Come and discover Coober Pedy, the place where dreams become reality.
Coober Pedy is a small town in South Australia that is famous for its opal-mines and for its unique style of underground living. Coober Pedy has some of the most unique attractions never to be found elsewhere in the world. And, they’re not all underground!
Coober Pedy is one of the most original and special towns in Australia. For thousands of years nomadic Aboriginal people walked across this area. In 1915 Jim Hutchison and his 14year old sun William had unsuccessfully been searching for gold in Coober Pedy, when suddenly the little Jim found pieces of opal in the river. That was the start of the Coober Pedy opal-mines.
Coober Pedy was originally known as ‘the Stuart Range Opal Field’ named after John Stuart, who was the first European explorer of Coober Pedy in 1858. In 1920 it got a new name ‘Coober Pedy’, what was deduced from the Aboriginal word ‘kupa piti’ what would mean ‘white man in a hole’.
Coober Pedy is probably best known for its unique style of underground living,’ dug-outs’ like the natives call it. When the Trans Continental Railway was completed a few of the workers established themselves in Coober Pedy, followed by some soldiers who returned from World War 1. There was no water on the surface so they had to dig deep holes. Later on the people would use these holes as their homes. Now Coober Pedy has underground water-tank at its disposal.
Coober Pedy has a semi desert climate, the days are mild to warm (16°-20°C) but the nights are cold. From April to October the weather is very nice. Between November and March the temperature rises up and can reach until 45°C in the shade. It doesn’t often rain in Coober Pedy; they often have problems with dryness there.
Attractions that are certainly interesting to visit in Coober Pedy.
Coober Pedy has a magnificent view and a few of the most unique attractions in the whole world. Except the different opal-mines, opal-museums, and opal-art shops you also have a magnificent underground bar and gaming room.
Coober Pedy gives the possibility to golf lovers to practise their favourite sport in the ‘Opal Fields Golf Club’, voted in the top 10 of the most unique courses in the world. It is situated 3.5km north of the town centre.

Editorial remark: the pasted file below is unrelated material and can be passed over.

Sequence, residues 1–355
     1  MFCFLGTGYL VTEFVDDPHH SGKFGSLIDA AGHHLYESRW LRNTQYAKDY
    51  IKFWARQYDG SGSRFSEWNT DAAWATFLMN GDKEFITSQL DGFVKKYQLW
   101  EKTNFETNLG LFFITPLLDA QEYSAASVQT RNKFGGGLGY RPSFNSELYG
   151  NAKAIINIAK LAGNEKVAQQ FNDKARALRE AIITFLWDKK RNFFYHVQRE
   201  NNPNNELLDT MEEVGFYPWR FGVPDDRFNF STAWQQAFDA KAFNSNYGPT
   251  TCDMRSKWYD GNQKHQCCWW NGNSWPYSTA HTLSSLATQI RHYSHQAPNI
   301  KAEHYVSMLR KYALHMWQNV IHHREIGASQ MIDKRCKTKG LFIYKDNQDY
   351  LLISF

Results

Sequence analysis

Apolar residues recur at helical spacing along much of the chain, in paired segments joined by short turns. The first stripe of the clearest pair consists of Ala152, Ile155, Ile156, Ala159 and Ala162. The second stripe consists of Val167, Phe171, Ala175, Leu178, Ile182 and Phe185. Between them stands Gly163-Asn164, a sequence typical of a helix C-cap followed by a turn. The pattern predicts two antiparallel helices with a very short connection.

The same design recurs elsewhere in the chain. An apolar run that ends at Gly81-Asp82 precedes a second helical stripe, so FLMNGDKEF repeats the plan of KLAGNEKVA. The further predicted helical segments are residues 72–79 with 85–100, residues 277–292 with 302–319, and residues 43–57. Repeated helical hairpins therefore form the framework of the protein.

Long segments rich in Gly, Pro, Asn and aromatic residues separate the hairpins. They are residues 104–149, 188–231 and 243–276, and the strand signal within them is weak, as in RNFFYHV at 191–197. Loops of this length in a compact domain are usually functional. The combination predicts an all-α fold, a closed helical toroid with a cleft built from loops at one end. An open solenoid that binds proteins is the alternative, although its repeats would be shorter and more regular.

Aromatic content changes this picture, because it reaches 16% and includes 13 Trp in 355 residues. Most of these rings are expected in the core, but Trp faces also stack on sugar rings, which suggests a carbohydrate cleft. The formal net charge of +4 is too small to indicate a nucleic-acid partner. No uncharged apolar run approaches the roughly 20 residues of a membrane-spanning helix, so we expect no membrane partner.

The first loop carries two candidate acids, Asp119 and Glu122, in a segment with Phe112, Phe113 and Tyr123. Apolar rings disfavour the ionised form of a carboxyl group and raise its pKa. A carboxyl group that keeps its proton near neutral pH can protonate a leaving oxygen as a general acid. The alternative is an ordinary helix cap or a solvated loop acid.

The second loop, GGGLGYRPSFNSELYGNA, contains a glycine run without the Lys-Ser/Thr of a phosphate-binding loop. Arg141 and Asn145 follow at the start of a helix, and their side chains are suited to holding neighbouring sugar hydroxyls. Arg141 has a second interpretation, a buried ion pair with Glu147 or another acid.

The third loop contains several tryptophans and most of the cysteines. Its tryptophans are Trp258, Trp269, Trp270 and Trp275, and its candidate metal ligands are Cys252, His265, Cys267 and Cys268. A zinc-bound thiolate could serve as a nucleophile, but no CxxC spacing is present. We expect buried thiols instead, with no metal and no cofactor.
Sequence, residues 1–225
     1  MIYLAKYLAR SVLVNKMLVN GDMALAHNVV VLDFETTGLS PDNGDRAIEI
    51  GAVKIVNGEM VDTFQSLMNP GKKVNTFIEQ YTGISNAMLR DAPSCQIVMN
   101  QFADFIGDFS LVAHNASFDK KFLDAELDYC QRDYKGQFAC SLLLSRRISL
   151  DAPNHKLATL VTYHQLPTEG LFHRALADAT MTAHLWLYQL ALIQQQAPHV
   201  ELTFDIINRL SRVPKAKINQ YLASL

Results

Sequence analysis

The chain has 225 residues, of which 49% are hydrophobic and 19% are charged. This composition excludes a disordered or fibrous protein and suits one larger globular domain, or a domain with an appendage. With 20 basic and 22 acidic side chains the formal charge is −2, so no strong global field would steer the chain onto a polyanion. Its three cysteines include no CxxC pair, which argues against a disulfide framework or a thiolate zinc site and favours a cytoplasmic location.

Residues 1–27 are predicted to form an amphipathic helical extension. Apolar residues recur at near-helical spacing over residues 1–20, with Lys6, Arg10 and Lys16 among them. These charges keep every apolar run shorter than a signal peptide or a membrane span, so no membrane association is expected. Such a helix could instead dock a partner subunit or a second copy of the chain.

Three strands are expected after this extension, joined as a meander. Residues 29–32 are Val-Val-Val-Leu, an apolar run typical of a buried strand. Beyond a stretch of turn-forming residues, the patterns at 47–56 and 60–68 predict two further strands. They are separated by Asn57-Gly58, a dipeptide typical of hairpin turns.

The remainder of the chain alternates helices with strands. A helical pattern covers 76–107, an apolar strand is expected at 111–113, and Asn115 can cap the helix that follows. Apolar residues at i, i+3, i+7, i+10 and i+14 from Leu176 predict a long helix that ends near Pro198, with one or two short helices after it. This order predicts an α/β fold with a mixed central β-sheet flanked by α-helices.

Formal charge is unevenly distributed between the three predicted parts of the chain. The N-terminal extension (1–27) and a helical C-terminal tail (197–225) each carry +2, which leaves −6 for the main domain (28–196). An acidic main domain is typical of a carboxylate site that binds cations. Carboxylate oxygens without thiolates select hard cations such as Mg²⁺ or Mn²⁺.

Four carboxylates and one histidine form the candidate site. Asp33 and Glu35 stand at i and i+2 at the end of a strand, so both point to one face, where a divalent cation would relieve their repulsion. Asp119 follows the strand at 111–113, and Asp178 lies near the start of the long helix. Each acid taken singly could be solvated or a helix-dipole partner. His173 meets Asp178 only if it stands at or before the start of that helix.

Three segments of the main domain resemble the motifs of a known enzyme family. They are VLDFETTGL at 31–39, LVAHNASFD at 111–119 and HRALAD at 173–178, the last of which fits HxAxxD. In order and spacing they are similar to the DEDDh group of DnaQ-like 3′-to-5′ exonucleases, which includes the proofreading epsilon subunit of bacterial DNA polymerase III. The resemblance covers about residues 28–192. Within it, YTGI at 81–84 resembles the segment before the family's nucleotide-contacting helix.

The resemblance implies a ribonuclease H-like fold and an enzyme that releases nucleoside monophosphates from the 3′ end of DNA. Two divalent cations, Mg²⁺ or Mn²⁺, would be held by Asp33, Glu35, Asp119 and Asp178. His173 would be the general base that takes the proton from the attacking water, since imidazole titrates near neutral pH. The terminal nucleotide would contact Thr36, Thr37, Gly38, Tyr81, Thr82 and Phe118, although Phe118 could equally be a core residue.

Coober Pedy also has a drive-in cinema. The ‘Coober Pedy Open Air Outback Cinema’ is owned by the Council. They play 4 movies every month.
Coober Pedy is famous for its dugouts like it has been said before. You can even visit some underground homes that are decorated in the modern style. These are located on the
Naylor Place, just off Main Street.
Coober Pedy makes it even possible to visit dugouts, like they were maid in the previous century using picks and shovels. It needed a lot of work.
Coober Pedy also knows a lot of legends, like the story about Crocodile Harry. That’s a man who still lives in one of these old dugouts. His walls are covered with addresses of girls that he claims to have seduced. He declares to be Arvid von Blumentals, a Latvian Baron who was forced to leave his country after World War II. He says that he was a crocodile hunter in the North of Australia before he came to Coober Pedy. There he worked as an opal-miner for a long time.
He says that in Coober Pedy he worked as an opal-miner for a long time before he became a sort of hermit.
We could say that it’s only a legend, but it’s interesting to know that Roger Jose, the Hermit of Borroloola (somewhere in North Australia) who lived in an old tank until his death in 1963, sold all his possessions (just before he died, of course) to a crocodile hunter with the name Harry Blumental. Could it be possible that the story of this man would be true?
Come and discover the secrets of the legend and the dugout of Crocodile Harry
Coober Pedy offers you a lot more to explore, because in Coober Pedy that dreams becomes reality.
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